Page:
Michael Phelps, arguably the face of the United States contingent in these Beijing games, is seven-for-seven. Last night, he came from behind in the 100-meter (328 feet) butterfly, edging out Serbia's Milorad Cavic by 1/100th of a second. It appeared to some that Cavic had beaten Phelps to the wall, but that Phelps had actually touched the wall first. So there obviously was a bit of shit-raking to do before everyone could accept the decision.
To the live human eye, no one knew who won the race, only that Phelps had come from seventh place at the split to deliver a heart-pound finish. “I didn’t breathe the final eight meters,” even he declared.When Cavic and Phelps hit the wall, all eyes, including the swimmers’, spun to the giant television screen on one wall of the Water Cube. The pool was silent for a couple of seconds, fans hanging on edge. Of course the good guys won, the Serbs filed a protest, which FINA acknowledged by breaking protocol and allowing the Serbian team to watch official replays of the race.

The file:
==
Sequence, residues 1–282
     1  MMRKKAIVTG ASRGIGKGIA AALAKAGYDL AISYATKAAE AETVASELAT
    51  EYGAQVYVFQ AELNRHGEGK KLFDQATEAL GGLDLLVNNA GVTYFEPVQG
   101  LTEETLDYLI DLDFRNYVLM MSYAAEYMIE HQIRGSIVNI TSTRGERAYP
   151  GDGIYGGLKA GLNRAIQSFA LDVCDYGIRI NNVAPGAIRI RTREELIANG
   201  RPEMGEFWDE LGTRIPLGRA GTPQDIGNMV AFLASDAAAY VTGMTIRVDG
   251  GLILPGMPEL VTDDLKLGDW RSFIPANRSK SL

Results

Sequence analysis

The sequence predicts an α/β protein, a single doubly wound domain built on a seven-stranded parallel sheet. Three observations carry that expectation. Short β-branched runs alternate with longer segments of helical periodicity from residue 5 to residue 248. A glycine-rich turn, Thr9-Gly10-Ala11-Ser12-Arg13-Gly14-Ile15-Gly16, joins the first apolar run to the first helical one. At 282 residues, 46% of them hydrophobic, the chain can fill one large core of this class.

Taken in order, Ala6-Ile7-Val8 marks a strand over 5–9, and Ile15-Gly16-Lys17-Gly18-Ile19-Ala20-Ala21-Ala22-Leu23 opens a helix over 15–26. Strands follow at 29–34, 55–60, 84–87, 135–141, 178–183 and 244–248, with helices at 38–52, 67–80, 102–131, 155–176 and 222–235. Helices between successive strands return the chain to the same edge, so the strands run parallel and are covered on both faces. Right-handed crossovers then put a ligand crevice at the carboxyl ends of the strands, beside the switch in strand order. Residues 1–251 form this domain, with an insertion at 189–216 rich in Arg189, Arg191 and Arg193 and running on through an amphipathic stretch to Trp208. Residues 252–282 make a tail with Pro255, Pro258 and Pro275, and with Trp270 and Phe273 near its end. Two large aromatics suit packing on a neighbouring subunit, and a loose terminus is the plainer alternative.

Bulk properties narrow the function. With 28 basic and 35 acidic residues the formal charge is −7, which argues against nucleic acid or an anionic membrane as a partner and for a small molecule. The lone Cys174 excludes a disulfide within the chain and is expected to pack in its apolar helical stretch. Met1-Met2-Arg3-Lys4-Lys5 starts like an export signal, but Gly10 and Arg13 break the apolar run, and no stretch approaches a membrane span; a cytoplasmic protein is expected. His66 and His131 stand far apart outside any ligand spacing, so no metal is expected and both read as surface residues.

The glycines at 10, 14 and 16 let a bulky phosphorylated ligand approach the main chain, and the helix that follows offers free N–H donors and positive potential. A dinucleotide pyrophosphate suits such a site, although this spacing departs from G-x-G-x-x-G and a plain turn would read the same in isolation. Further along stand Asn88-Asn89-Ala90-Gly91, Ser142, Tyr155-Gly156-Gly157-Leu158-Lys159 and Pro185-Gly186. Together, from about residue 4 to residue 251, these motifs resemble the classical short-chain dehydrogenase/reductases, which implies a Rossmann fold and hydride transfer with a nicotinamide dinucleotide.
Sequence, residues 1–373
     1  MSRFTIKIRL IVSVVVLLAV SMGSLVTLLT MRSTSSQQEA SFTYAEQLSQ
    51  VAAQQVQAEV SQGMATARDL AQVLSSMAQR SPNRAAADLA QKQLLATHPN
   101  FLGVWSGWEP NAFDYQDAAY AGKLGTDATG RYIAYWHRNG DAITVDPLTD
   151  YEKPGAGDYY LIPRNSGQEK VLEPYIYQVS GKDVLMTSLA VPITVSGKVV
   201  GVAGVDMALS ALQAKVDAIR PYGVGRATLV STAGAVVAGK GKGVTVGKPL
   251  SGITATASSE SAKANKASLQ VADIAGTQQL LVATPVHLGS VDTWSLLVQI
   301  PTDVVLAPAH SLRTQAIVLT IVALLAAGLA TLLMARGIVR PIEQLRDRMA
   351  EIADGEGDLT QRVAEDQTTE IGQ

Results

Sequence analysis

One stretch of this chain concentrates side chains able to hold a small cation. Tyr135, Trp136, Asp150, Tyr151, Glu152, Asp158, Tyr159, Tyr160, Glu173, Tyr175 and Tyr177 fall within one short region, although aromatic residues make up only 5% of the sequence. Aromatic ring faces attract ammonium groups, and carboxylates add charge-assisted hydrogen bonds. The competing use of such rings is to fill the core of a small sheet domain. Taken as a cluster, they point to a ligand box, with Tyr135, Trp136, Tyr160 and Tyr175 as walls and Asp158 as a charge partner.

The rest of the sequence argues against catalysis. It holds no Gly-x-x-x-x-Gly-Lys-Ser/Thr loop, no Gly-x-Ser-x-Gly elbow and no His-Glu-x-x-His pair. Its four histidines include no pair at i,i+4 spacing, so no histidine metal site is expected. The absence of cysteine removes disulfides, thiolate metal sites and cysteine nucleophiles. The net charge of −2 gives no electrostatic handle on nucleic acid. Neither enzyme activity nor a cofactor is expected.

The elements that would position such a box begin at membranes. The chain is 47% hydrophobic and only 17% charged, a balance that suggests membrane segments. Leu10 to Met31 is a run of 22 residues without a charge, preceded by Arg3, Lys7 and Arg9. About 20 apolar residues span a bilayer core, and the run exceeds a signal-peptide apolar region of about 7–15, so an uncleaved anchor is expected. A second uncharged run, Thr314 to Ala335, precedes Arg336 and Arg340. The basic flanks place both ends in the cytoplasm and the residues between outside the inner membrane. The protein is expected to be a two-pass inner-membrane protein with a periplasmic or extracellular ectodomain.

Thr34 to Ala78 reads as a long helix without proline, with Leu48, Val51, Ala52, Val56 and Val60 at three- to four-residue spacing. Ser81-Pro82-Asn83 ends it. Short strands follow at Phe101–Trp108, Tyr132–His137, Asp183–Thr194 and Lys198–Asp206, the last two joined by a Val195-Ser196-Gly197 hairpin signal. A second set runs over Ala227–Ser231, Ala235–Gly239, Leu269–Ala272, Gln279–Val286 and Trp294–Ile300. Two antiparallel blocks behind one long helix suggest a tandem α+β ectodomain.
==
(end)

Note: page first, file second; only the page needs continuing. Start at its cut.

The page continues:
They watched it a few times. Watched it from both systems – one powered by cable, one by battery. “It was very clear the Serbian swimmer touched second after Michael Phelps,” Ekumbo said. Clear to whom? The Serbs? Indeed, even the Serbs. As incredible as it sounds, they all agreed there was no doubt. The question wasn’t even that Phelps touched first; it was if Cavic had managed to get there at the same time and share gold. The Serbs conceded. The protest was withdrawn.Meanwhile, we can only imagine that a Phelps celebration was already underway...